Childhood Radiation Treatment Increases Breast Cancer Risk
Women who are treated with radiation for childhood cancers are at a higher risk of developing breast cancer as they age, according to new research presented at the American Society of Clinical Oncology meeting in Chicago on Monday. Researchers found that even if treated with a very low dose of radiation, the risk of developing breast cancer is much higher.
"We were surprised to find that women treated with radiation to the chest during childhood have a risk of developing breast cancer that is comparable to that of women who are carriers of the hereditary BRCA mutations," Dr. Chaya Moskowitz, a researcher at the Memorial Sloan-Kettering Cancer Center in New York City, told WebMD.
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Approximately 31 percent of women with the BRCA gene mutation will develop cancer by age 50, according to the National Cancer Institute -- cancer -- much higher than the 4 percent of the general population who develops cancer.
Researchers analyzed date from over 1,200 patients and found that by age 50, 30 percent of women treated for Hodgkin's lymphoma as a child developed breast cancer.
"These are rather striking data," Dr. Nicholas Vogelzang, a researcher with the Comprehensive Cancer Centers of Nevada in Las Vegas, who was not part of the research, told WebMD. "We have an obligation to those many thousands and thousands of young women we treated years ago. Hopefully this will increase our awareness of [the] need for mammogram screening of this population."
Previous studies indicated a higher risk of breast cancer in women treated for childhood cancer, but this research is the first to establish how much higher the risk is, according to study.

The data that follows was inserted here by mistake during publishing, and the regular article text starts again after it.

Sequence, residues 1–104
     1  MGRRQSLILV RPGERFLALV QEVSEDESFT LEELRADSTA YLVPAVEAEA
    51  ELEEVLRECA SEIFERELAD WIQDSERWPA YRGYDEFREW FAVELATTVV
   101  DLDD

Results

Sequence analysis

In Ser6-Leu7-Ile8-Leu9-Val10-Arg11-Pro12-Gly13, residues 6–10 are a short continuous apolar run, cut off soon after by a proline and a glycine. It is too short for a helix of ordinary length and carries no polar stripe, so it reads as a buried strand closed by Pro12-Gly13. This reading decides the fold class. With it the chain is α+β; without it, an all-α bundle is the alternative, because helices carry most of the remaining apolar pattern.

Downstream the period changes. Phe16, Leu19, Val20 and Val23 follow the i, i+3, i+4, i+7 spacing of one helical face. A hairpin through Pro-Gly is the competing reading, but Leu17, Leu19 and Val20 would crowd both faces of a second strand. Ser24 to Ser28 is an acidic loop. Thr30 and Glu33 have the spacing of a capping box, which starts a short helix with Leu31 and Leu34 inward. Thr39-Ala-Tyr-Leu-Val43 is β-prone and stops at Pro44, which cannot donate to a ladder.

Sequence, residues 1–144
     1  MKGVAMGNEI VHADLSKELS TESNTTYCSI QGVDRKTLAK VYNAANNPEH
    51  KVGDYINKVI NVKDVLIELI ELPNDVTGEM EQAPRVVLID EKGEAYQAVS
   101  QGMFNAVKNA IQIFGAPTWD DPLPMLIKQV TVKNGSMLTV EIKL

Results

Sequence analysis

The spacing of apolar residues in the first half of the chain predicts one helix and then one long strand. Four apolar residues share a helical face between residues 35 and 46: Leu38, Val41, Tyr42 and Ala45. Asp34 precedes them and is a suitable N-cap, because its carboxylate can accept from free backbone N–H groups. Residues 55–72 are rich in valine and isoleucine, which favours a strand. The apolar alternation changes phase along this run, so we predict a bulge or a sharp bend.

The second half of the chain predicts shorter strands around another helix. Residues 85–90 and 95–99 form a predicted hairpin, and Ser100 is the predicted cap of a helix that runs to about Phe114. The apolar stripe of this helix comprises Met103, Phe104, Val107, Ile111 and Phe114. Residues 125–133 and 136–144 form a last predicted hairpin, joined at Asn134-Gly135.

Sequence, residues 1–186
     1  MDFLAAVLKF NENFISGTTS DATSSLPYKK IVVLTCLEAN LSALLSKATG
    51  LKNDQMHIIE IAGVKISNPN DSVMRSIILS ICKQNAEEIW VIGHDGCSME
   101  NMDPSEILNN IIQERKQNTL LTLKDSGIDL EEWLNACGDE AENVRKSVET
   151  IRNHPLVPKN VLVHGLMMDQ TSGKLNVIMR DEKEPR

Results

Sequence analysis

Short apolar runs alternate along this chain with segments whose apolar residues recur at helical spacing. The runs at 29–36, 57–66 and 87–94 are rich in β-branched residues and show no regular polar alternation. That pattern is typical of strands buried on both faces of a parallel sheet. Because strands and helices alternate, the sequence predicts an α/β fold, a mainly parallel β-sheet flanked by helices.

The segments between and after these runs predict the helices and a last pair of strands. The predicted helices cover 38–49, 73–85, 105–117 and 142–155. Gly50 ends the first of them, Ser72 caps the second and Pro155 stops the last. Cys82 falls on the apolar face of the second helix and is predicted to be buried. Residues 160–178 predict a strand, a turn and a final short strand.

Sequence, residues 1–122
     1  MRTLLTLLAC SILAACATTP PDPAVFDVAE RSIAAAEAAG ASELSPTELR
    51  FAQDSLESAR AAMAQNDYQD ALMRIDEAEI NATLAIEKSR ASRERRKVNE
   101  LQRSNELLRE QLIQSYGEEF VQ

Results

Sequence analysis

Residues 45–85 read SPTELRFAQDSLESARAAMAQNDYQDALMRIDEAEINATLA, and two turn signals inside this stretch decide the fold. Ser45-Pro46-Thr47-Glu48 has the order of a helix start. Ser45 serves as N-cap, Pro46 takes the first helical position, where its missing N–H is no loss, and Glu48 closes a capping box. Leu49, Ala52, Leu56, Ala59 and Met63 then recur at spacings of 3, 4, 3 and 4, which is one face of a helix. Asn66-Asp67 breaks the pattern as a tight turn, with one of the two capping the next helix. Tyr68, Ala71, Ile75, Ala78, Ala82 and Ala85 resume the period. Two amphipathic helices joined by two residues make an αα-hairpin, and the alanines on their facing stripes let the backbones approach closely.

The National Cancer Institute recommends that women treated with 20 grays -- a radiation dosage measurement -- or more begin annual mammograms starting at age 25. But according to the study, women receiving as little as 10 grays are at a higher risk and should get earlier mammograms as well.
Approximately 50,000 women in the U.S. have been treated with 20 grays or higher, and an additional 7,000 to 9,000 have been exposed to 10 to 19 grays, according to WebMD.
Experts said understanding the risk childhood cancer treatments bring is paramount to better treating the next generation. Over the past few years, the amount of grays given to patients has decreased.
"We need to know how to take care of survivors and change childhood cancer therapies, so this doesn't happen to the next group of survivors," Lisa Diller, a researcher at Boston's Dana-Farber Cancer Institute, who was not involved in the research, told the Detroit Free Press. "Children treated for Hodgkin lymphoma today are treated with therapies that try to maintain the excellent cure rates but use as little radiation as possible."
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